A NanoVNA is both a blessing and a curse. I dig it out entirely too often to re-analyze all of my antennas after discovering some new way to do it, or some new analysis feature. None the less it's an excellent tool to analyze antennas, coax, filters, etc, and any ham who tinkers around should have one.
I have the model that has a 2.4" screen and is said to work up to 1.5GHz and has harmonics above 300MHz, vs the "V2" or "N2" models which go up to 3GHz and do not use harmonics for the higher ranges so their accuracy is better. The older model I have does just fine for my needs, just need to allow it time to do a bit more averaging on 70cm to get a good analysis.
At the desktop I primarily use NanoVNA Saver which is an excellent program for calibration, capturing data, and analyzing data as well as doing some more specialized calculations. However, I've also found that NanoVNA WebApp on my phone works excellently to capture data. I can certainly do some analysis of SWR and Return Loss charts on the phone (or on the NanoVNA itself for that matter!) but I prefer to get the data, send it over to the desktop via NextCloud and then analyze it further using NanoVNA Saver.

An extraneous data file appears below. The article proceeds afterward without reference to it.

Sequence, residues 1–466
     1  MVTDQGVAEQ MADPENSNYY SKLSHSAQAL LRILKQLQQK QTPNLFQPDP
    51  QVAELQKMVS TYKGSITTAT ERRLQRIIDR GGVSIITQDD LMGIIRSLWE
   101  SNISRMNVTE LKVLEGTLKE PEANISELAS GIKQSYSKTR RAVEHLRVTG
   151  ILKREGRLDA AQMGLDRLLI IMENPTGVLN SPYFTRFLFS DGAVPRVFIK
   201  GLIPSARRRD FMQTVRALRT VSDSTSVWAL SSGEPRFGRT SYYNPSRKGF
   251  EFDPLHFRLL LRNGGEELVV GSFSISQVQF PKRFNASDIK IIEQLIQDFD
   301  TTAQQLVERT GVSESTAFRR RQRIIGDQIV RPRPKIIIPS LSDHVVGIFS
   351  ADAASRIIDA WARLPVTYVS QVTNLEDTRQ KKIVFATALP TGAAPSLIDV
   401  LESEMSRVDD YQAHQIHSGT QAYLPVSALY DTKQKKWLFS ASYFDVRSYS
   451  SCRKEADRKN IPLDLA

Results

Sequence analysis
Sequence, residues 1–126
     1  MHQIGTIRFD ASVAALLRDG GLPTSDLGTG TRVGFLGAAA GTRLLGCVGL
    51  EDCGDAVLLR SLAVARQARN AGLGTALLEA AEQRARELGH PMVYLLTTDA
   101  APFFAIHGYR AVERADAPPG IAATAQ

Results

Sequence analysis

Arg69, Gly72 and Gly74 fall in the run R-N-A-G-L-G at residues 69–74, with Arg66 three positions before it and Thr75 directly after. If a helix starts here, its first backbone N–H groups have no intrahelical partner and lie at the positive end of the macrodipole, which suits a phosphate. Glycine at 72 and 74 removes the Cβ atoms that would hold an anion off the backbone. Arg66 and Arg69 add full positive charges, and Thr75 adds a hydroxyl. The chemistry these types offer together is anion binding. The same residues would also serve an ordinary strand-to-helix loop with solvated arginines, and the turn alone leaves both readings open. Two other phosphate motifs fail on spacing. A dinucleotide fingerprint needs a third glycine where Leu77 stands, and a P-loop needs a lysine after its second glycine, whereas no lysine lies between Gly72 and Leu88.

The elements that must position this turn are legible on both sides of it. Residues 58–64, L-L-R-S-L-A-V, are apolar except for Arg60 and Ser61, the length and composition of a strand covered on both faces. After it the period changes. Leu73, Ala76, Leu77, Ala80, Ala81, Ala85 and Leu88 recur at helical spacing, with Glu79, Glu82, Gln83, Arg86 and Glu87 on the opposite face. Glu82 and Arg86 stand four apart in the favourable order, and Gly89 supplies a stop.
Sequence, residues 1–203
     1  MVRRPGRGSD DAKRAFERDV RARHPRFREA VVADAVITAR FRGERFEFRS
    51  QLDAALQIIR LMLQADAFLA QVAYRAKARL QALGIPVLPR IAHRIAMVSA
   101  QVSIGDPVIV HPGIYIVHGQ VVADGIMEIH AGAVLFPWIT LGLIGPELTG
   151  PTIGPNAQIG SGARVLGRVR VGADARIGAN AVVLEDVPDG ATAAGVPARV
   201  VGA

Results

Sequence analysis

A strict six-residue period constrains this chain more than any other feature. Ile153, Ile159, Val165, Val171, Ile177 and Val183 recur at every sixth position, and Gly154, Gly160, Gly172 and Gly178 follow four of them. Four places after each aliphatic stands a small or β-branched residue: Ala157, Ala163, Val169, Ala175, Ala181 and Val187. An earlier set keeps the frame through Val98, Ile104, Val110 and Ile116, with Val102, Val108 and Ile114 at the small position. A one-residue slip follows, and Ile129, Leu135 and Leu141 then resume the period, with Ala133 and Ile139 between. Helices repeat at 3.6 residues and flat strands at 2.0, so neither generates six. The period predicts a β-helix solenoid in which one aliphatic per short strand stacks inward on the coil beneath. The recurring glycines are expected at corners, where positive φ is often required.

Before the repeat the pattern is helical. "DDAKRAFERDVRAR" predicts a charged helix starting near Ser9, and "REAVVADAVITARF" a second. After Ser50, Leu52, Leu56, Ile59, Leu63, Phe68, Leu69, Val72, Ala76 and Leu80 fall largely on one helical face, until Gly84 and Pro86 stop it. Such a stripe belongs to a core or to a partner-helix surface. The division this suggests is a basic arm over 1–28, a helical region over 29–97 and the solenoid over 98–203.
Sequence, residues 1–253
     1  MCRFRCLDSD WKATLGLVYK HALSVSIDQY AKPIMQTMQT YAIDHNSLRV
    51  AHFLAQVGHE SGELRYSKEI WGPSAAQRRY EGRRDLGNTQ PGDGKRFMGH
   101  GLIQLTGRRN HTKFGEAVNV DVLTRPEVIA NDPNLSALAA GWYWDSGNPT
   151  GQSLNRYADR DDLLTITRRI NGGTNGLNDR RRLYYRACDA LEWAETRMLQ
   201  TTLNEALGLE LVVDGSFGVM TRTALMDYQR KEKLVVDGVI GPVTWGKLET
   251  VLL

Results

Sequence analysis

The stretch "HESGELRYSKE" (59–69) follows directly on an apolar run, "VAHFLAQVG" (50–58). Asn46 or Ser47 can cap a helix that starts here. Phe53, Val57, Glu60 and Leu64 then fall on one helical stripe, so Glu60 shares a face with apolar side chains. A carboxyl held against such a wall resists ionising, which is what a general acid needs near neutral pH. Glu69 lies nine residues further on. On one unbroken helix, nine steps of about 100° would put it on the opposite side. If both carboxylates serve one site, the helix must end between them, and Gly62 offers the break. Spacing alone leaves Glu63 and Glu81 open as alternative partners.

In a pinch, you can certainly use the NanoVNA just by itself standalone and it has pretty much everything built-in you'd need to analyze antennas but with the 2.4" screen it makes it a bit harder to see for me but I've tuned antenna matches directly off an antenna doing this a few times and it works great. I still prefer to have the data saved for analysis so I know the antenna system is doing what I expect as well as potentially comparing it to a future state of the antenna if I suspect any issues with it.
The coax that comes with the NanoVNA is usable, but not great. I pretty quickly got some quality RG316 pigtails for mine and make sure my other existing pigtails around the house were of good quality (one was not!). The calibration kit that comes with the NanoVNA was sufficient for my needs.
Speaking of calibration; I'm not going to attempt to explain it here as that's well documented in other places but make sure that you calibrate for the cabling/setup you're using. If you re-use the same setup without changing it you can store and recall the calibration, but if you change anything always recalibrate. I personally have a calibration for an HT antenna jig, a calibration for 2M right off the cable, calibration for 70CM right off the cable, and calibration for HF right off the cable. The separate 2M and 70CM calibrations aren't really necessary; I could calibrate 140MHz-460MHz and be done with it but it's nice on recall for it to set it to 140MHz-150MHz to see details better, especially if you're viewing a Smith Chart. There's no point looking at a smith chart outside of the design parameters of an antenna.
I have done an analysis of a bunch of antennas I own and while my antennas may not overlap with yours or your antenna might perform differently than mine, maybe my analysis of them will be of interest to someone. Everything listed here is what I own, sorry but I can't do any requests as I have more than enough HT antennas as it is. That said, I am seemingly always getting another one so as I do, I'll add it to the list.